Zynga put a halt to the transaction by limiting when Alpha could sell the shares it was about to acquire. This is where things get confusing. A company has apparently 30 days from when it stops a transaction of its stock to buy the stock itself under right of what's called the first refusal clause. However, Zynga refused to do this, but then stopped the deal in its tracks by contacting the trading company that was handling the sale, according to Social Times.
Now, the deal sits in limbo and Alpha Investments has resorted to legal action. However, deputy general counsel at Zynga, Jay Monahan, claims that it is well within federal and state law to stop the deal. But why would Zynga want to stop this deal anyway? The purchase that Alpha Investments would have made valued Zynga at $6.2 billion, according to Arabian Business. First of all, this would reduce its current valuation of over $9 billion by a huge amount. Second, it's unknown whether this amount could put Alpha Investments on the board of Zynga's major shareholders, but we doubt the company is willing to take that risk. Especially in the middle of its global conquest.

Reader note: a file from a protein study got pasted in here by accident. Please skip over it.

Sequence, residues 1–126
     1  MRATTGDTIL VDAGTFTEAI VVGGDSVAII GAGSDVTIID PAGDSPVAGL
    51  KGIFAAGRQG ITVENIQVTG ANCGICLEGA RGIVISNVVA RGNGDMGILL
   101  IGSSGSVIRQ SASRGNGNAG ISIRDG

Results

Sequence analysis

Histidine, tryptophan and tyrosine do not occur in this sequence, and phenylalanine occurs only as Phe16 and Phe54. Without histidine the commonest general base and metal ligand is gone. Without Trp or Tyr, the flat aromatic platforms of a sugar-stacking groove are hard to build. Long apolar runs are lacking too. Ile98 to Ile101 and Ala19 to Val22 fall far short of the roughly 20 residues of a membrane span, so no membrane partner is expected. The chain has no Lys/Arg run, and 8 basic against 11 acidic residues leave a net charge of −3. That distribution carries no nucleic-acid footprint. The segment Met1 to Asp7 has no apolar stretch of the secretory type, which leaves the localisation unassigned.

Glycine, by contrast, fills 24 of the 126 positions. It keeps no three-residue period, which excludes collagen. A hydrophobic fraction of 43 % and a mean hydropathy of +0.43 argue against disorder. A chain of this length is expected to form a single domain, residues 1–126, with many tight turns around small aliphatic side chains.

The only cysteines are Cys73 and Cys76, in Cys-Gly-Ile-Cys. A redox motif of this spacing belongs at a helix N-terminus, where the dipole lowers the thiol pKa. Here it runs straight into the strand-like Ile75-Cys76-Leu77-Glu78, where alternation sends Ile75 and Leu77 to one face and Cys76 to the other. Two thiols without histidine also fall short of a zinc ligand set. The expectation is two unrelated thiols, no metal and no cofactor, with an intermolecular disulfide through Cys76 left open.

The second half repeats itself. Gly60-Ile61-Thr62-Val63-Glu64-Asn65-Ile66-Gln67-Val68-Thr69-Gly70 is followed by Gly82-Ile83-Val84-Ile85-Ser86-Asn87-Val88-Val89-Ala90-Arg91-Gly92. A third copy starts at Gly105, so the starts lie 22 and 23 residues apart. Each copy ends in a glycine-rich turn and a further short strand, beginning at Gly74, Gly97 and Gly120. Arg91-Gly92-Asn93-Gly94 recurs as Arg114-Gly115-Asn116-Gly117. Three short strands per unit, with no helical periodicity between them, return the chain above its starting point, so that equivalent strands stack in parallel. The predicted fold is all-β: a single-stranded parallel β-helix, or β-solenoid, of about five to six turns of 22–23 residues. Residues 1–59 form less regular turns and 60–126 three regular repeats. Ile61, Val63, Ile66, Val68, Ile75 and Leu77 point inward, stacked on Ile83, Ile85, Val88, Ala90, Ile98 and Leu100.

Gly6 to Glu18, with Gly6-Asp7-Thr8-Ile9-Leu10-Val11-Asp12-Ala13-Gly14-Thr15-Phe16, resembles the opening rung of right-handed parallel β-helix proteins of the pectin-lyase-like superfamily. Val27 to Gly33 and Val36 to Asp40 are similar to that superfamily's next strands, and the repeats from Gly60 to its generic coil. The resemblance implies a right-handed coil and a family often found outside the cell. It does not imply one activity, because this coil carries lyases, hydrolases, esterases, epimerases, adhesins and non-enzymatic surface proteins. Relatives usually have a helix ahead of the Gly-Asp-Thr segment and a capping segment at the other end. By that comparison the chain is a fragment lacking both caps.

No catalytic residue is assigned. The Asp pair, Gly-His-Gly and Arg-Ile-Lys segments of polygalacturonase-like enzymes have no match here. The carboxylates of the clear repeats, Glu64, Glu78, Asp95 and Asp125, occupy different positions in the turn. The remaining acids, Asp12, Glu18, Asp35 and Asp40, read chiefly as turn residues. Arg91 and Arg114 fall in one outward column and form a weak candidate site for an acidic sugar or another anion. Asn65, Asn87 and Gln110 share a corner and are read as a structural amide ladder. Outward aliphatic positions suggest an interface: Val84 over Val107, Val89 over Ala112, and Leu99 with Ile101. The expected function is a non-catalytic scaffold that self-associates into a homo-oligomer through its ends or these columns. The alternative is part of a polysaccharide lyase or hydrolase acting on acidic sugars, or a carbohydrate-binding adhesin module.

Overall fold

Update: Zynga's official statement:
"We insist on full compliance with federal and state securities laws. Secondary markets for privately held stock have added to the complexity of legal compliance, particularly where buyers and sellers may have asymmetrical information. Sometimes would-be buyers do not fully understand or appreciate the need for such compliance." - Zynga
What do you think could happen to Zynga if this investment went through? If Zynga ever went public, would you invest? Sound off in the comments. Add Comment.